Wednesday, July 16, 2014

Goldwater in "64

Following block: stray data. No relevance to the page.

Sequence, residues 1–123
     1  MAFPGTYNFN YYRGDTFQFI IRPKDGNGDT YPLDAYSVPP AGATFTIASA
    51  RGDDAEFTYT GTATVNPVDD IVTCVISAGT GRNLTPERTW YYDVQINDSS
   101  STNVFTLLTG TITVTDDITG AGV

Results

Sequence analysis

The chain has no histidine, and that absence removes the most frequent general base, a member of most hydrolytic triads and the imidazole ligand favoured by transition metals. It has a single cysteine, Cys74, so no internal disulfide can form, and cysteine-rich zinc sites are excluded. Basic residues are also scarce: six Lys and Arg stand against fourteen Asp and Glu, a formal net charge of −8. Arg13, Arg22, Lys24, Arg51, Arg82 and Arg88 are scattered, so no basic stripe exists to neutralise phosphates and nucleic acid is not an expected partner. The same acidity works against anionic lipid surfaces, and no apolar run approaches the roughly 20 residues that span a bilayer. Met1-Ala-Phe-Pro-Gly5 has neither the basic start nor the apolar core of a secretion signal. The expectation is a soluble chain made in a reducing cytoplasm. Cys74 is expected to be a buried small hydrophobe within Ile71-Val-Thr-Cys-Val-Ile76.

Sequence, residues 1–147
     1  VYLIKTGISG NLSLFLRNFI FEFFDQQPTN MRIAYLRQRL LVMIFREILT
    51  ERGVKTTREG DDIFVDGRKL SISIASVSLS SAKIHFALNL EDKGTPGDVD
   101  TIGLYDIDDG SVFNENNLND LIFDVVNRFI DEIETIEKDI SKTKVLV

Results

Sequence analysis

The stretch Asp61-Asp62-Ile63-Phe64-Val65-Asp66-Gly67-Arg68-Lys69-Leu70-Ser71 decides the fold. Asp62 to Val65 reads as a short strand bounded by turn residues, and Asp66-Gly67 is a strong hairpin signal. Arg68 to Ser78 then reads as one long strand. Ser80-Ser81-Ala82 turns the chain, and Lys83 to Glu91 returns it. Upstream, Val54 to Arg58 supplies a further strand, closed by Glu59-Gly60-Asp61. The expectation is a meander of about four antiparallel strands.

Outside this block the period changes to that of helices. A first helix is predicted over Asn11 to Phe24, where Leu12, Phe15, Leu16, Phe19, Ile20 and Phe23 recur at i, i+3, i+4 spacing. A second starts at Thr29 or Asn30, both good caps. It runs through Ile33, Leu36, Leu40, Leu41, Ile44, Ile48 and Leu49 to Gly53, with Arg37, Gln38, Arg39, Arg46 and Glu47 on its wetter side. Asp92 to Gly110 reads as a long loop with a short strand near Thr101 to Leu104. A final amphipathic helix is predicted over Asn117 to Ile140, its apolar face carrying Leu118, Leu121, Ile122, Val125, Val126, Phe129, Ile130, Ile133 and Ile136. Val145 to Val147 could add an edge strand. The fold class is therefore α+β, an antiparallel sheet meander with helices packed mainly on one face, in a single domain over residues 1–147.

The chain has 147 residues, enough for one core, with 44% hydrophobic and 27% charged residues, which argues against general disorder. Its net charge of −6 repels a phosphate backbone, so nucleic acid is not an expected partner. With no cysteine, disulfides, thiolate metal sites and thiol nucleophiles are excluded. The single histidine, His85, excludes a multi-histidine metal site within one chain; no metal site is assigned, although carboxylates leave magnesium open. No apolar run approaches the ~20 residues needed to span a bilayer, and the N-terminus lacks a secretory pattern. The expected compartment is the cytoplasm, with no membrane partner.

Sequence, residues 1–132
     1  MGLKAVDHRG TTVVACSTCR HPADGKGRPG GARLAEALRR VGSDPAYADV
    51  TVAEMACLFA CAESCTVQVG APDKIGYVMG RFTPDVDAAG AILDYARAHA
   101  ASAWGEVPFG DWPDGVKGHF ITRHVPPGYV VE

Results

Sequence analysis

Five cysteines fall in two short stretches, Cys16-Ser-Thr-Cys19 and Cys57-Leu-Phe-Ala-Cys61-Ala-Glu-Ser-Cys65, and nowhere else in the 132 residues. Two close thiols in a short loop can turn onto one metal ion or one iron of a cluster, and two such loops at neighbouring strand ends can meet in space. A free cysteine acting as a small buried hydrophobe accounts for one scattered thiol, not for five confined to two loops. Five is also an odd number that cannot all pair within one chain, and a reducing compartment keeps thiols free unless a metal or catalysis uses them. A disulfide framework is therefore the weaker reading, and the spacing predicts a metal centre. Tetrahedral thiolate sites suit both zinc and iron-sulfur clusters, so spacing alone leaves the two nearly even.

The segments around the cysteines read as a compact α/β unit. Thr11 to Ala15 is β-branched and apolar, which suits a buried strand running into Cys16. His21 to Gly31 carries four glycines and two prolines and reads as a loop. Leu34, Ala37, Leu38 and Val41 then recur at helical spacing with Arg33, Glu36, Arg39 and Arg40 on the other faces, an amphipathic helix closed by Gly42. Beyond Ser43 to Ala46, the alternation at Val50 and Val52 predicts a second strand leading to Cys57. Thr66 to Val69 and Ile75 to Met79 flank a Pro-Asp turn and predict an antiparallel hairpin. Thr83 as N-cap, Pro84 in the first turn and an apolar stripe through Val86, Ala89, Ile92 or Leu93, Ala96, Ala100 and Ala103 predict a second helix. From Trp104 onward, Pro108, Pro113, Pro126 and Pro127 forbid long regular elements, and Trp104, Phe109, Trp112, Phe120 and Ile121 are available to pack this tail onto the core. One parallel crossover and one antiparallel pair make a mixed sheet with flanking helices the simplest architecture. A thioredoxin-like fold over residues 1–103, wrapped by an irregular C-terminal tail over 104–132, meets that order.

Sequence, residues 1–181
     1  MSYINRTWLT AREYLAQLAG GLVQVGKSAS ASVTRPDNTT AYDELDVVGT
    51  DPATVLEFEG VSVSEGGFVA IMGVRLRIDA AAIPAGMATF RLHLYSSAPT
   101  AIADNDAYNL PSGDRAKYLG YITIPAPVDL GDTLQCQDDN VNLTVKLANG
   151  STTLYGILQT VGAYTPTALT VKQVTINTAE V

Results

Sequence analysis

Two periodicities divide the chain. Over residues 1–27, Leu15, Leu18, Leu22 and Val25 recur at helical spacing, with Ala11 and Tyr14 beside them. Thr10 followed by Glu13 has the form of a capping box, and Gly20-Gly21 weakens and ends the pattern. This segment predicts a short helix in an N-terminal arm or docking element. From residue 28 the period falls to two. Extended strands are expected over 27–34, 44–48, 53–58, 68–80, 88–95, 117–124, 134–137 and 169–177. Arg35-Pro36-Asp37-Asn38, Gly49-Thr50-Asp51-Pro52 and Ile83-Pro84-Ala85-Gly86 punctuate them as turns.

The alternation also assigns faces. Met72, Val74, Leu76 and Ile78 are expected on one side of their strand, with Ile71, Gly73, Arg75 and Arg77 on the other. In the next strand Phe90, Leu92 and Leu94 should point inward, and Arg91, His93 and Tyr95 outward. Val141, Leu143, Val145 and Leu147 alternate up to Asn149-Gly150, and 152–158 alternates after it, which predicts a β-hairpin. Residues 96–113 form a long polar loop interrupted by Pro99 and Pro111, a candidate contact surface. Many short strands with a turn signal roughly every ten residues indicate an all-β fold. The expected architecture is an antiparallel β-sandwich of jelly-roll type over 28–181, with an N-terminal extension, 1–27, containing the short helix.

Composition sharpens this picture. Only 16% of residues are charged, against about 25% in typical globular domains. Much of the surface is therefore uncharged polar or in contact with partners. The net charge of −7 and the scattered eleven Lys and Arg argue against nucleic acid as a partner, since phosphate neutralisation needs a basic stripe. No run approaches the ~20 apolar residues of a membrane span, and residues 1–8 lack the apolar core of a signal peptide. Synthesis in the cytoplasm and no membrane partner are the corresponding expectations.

Goldwater in ‘64 A revolution occurred in American politics fifty years ago this week in San Francisco. The Republican National Convention nominated Senator Barry Goldwater of Arizona as its nominee for President of the United States. The Eastern Establishment had controlled the GOP until the 1964 primaries. Governor Nelson Rockefeller of New York was the assumed nominee, but he failed. The spotlight then shone on Governor William Scranton of Pennsylvania, the last call of the eastern Republicans, all to no avail. Senator Goldwater was the sweetheart of conservatives after he published his 1960 book, The Conscience of a Conservative. The conservatives of the South and West charted a new course for the Party. Senator Goldwater and his running mate, Congressman William Miller of Buffalo, went down in a landslide to Landslide Lyndon. The Senator received only 38.4% of the popular vote compared to 61% for President Johnson. The Democrats gained a supermajority in both houses of Congress. Incumbent Republicans and office seekers at the state and local level were swept away in the Democratic tsunami. Pundits wrote the obituaries of the Republican Party. The liberal Republicans during the primary campaign, and then President Johnson’s forces in the general campaign painted the Senator as a right wing extremist. He had recommended that social security become voluntary and argued that the Tennessee Valley Authority (TVA) be sold off. He suggested in May 1963 solving the Vietnam War in six months by defoliating the country with low level nuclear weapons. He stated during a December 1961 news conference: “I think this country would be better off if we could just saw off the Eastern Seaboard and let it float out to sea.” His acceptance speech further alarmed America. It contained this immortal, horrifying line: “I would remind you that extremism in the defense of liberty is no vice! And let me remind you also that moderation in the pursuit of justice is no virtue.” Senator Goldwater had no illusions about the outcome in November 1964. He knew he would lose to President Johnson, who he viewed as a purveyor of dirty tricks (Let the record show though that a nickname of Richard Nixon was “Tricky Dickie.”) A campaign of vilification ensued. The Johnson campaign painted the Senator as a dangerous, extremist warmonger who would take us into war. The Daisy Ad, which only ran once during the campaign, cemented the negativities of Senator Goldwater. We later found out that President Johnson misrepresented two incidents to get Congress to pass the Gulf of Tonkin Resolution, the authorization for the escalation of the Vietnam War. We also learnt that the President was secretly planning to escalate the war – that which the President accessed the Senator of doing. The Senator was also pictured as a racist because he voted against the Civil Rights Act of 1964. He felt it was unconstitutional. He had previously integrated his family’s Phoenix department store, Goldwaters, the Arizona Air National Guard, and the Phoenix school system. Senator Goldwater ran an ad: “In your heart, you know he’s right.” The Democratic response was “In your heart, you know he’s nuts.” Senator Goldwater was a rarity in politics. He was a politician not only of conviction, but also of principle. He stated what he believed. He was a prophet of the modern Republican Party, but like Moses could not reach the Promised Land himself. He was before his time. He believed in limited government, a balanced budget, the freedom of the individual, and personal responsibility. He believed that increased dependency on the government would harm the American character. He was a fiscal conservative and social libertarian. He only carried six states: Arizona and five states of the Deep South – Alabama, Georgia, Louisiana, Mississippi, and South Carolina. He pointed the path to future Republicans, such as Richard Nixon and Ronald Reagan. Both of those future Presidents were active in the Goldwater Campaign. Former Vice President Nixon campaigned in 37 states for the Senator, building up goodwill for his successful candidacy in 1968. Ronald Reagan, still an actor, delivered a nationally televised speech, A Time for Choosing, during the last week of the campaign. Republican leaders in California decided the actor would be a great governor candidate, unleashing his political career. As a man of principle, and one who never trusted President Nixon, Senator Goldwater led the Republican contingent on August 7, 1974 that told President Nixon he had to resign or he would most certainly be voted out of office by the Senate. American history would have been very different had Senator Goldwater won the 1964 election. He would not have gotten America into a land war in Vietnam. Nor would he have enacted the Great Society. ------------------------------------------------------------------------------------------------------------ My 50 year retrospective has a personal memory. The 1964 Republican National Convention in San Francisco’s Cow Palace is the only political convention I ever attended. I was a college student working part time at an insurance brokerage. One of the co-workers was the cousin (or was it nephew) of Republican Senator Hugh Scott of Pennsylvania. I asked if he could get me tickets to the Convention. The answer was no, but if I showed up in front of the Scranton Office on Market Street at a given time I could board a bus to the Cow Palace to be part of the “spontaneous” Scranton demonstration on the floor of the Convention. We were given fake tickets (the ink wasn’t even fully dry) to enter the Cow Palace. We were also told this was a Republican tradition going back to Abraham Lincoln’s successful campaign in 1860 at the Republican Convention. We were on the floor for over 20 minutes, futilely exhorting the delegates to vote for Scranton. We heard, as we left the floor to wander around the Convention, that the Goldwater people realized the Scranton forces had flooded the Convention with faked tickets. My friends and I quickly discarded all of our Scranton paraphernalia and picked up Goldwater signs and buttons. We enjoyed the rest of the evening at the Convention. Alas, almost all the souvenirs disappeared over the decades. Thus, I was both a Scranton and Goldwater supporter at the 1964 Republican National Convention. Let us also note that Hillary Rodham was a Goldwater supporter in 1964.